Lack of Engagement. Social Media isn’t just a two-way street; at its roots, it’s multidirectional. That means that the communication between your business and an individual extends far beyond that of an email, phone call, or in-person conversation. Your communication is being read, shared, and commented on by others that you may or may not know. People are even talking about your business without your involvement.
Solution: Remember that it’s not all about you. When people are commenting or asking questions, make sure you take the time to thank or answer them. If there are businesses that you like, make a connection in social media. If there are clients that post interesting (and appropriate) things, go ahead and like them, follow them or repost/retweet (with your own comment). Also, it doesn’t hurt to keep an eye out on social and review sites to see what people are saying about your business.
Lack of Content. If the only reason you are posting on Facebook or Twitter is to get more likes or followers, why are you posting at all? People don’t want to read about how you want more people reading your posts or tweets.
Solution: Post about things that will be of interest to your existing and potential clients. They’ll share with others and help spread the word. If people are interested in what you’re writing, they’ll come back, like and/or follow you.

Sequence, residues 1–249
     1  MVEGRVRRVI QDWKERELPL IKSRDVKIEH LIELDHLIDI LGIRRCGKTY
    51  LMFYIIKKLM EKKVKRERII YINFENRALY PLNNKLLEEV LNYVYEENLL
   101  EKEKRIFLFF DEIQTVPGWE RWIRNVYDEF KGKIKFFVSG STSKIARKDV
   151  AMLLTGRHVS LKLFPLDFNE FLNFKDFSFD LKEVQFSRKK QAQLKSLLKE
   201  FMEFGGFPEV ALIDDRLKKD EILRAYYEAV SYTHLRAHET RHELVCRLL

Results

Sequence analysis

Lack of Purpose. Hopefully, you’ve invested time and effort into creating a website that represents your business well. When it comes to business, Facebook, Twitter, and others are the new marketing channels. The purpose of marketing is — shocking as it may be — to sell products or services. Yes, brand-building, product exposure and client engagement are all very important, but ultimately they are intended to get people to buy something from you.
Solution: Make sure you’re making the connection between your social media activity and your website where they can buy from you. Keep your site active by posting articles, updates, and announcements, then share them on social media. Have a way for people to connect with you on your website using a newsletter sign-up. An important thing to consider: What if Facebook or Twitter suddenly disappeared? What would happen to all those likes and followers that you’ve spent countless hours and effort on? How would you get in touch with them? It would be nice to have your newsletter email list as a fallback.
Posting to all sites at the same time. Each social site has its place. Many people will engage with you across multiple sites so you need to be aware that posting on all of them — at the same time, with the same message — ends up giving the appearance of automation, or worse, spamming. This may result in people disengaging.
Solution: Time your social activities based on how the sites are used. Even if it’s a single announcement, make sure that you time and word it differently. For example, announce something on your website and Facebook a week in advance, then tweet a reminder on Twitter closer to the event.
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